Table 7.4: Roles and Responsibilities in Implementation Lifecycle Phases

A = Accountable R = Responsible C = Consulted I = Informed

Notes:

Board does not have a role in Phase 4, although some Boards may expect information.

Only a single role should be accountable for an activity in a phase.

Several activities take place in each phase, which is why more than a single role has A.

The other key requirements in the implementation lifecycle are to recognise that in each phase there are several challenges to overcome such as:

Phase 1: Lack of senior management buy-in, commitment and support.

Phases 2 & 3: Cost of improvements outweighing perceived benefits.

Phase 4: Resistance to change.

Phase 5: Trying to do too much at once; tackling overly complex and/or difficult problems.

Phases 6 & 7: Difficulty in showing or proving benefits.

The guide, COBIT 5: Implementation (Chapter 4), tabulates 21 challenges in total and with each challenge provides many causes coupled with recognised advice on techniques to use to overcome each challenge.

Finally, one of the key parts of the Implementation Lifecycle Phase 2: Where are we now? is assessment of the current state, a CI activity. A key part of this assessment is to determine the ‘as-is’ state, particularly of key COBIT 5 processes that the enterprise has decided are needed to implement GEIT. Then the gap between the ‘as-is’ state and the ‘to-be’ state can be determined to plan the implementation activities. Assessment of processes has been conducted in earlier versions of COBIT using CMM® or CMMI® (see Chapter 2). However, in COBIT 5, this has been switched to using the international standard ISO/IEC 15504 Software Engineering – Process Assessment Model and this and the method of using it is discussed in the next chapter.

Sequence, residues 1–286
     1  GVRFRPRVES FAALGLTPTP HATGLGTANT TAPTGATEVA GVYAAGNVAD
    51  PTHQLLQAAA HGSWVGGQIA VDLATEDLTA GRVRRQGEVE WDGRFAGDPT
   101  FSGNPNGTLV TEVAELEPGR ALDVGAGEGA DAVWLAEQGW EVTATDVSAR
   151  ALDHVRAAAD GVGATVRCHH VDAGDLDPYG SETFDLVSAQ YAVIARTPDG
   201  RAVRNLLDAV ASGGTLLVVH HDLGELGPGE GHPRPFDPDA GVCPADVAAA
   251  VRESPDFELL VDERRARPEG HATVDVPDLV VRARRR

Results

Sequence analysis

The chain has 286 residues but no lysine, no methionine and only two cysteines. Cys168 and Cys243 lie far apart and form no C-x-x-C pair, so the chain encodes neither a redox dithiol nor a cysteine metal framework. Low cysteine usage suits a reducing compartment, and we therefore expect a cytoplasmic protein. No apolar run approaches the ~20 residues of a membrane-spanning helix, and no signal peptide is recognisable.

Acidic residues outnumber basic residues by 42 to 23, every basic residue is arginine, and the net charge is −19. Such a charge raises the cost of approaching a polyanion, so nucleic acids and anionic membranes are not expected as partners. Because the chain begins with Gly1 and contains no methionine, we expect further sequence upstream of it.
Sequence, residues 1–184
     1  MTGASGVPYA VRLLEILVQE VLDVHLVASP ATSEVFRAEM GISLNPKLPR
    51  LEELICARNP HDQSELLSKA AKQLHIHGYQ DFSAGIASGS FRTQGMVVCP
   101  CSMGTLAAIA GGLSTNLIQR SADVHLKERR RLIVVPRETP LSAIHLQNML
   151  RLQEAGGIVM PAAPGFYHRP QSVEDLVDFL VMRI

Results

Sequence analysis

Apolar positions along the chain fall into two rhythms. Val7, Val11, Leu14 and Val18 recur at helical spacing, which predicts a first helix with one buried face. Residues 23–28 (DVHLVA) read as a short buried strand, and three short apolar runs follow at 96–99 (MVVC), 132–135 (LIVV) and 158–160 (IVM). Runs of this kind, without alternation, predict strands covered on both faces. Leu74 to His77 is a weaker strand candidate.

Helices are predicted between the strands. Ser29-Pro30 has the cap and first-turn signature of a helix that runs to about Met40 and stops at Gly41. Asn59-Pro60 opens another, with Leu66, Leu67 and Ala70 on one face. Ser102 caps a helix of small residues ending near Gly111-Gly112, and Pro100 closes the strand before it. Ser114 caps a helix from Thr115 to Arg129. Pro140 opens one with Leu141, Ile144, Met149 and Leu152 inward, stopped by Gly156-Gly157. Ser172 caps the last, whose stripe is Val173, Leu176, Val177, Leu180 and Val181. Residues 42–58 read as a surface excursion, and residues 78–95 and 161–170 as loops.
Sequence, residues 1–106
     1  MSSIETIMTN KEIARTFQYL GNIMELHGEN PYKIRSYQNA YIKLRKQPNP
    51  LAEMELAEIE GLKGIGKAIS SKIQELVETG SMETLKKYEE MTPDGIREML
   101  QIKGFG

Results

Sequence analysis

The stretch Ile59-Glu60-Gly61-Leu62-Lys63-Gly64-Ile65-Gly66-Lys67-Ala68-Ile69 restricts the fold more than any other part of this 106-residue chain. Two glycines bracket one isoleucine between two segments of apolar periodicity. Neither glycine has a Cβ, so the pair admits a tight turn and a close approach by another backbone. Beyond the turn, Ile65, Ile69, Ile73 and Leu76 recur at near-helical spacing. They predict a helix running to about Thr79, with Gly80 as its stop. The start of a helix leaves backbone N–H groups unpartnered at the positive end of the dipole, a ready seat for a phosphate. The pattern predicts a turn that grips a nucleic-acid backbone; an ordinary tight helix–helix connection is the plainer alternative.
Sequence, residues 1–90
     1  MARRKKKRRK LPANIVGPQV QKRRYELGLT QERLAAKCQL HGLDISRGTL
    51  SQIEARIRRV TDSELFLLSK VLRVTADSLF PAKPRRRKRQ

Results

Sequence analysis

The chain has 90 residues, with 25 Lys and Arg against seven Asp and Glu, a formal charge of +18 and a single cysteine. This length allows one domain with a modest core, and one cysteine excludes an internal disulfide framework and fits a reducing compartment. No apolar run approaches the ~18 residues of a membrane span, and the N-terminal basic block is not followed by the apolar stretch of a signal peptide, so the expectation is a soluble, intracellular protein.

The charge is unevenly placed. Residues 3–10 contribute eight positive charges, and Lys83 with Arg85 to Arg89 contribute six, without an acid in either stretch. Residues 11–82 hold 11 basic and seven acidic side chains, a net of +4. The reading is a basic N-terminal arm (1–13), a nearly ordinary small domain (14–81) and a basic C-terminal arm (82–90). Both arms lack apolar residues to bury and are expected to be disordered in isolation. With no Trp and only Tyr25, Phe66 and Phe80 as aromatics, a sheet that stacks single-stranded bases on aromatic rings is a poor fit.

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79 Politics, the economy, social changes, technology changes, legal changes and the emerging need to obey statutory environmental controls coupled with a desire to ‘save the planet’.

80 An interesting example of risk appetite many of you will be familiar with is Red Bull acting as the sponsor for the Red Bull Stratos project (2013) for Felix Baumgartner’s skydive to the surface of the Earth from 39km (24 miles) into space. Red Bull sees itself as a company supporting and participating in extreme sports such as Formula 1 (motor racing) that align well with its energy drink. Although Project Stratos was a big risk, from Red Bull’s viewpoint it fitted its brand and certainly gained international publicity (eight million viewers), and some financial pundits say it has already raised tens of millions of dollars from global exposure of its brand and it was the most money-earning marketing stunt ever. However, the project, which ran for seven years, had a constrained budgetary limit, initially $1M, but this was greatly extended to address technical difficulties with equipment design and according to some media articles was about $50M in total.

81 Take care not to select key stakeholders who only want to be on an e-mail distribution list so they know what is happening rather than they have a commitment to participate regularly in programme activities and are keen to allocate their staff to assist, too. Gain opinions from others about proposed key stakeholders – not easy to achieve without upsetting people and losing support, however.

82 Kotter, J. P. (1996), Leading Change, Boston, Harvard Business School Press.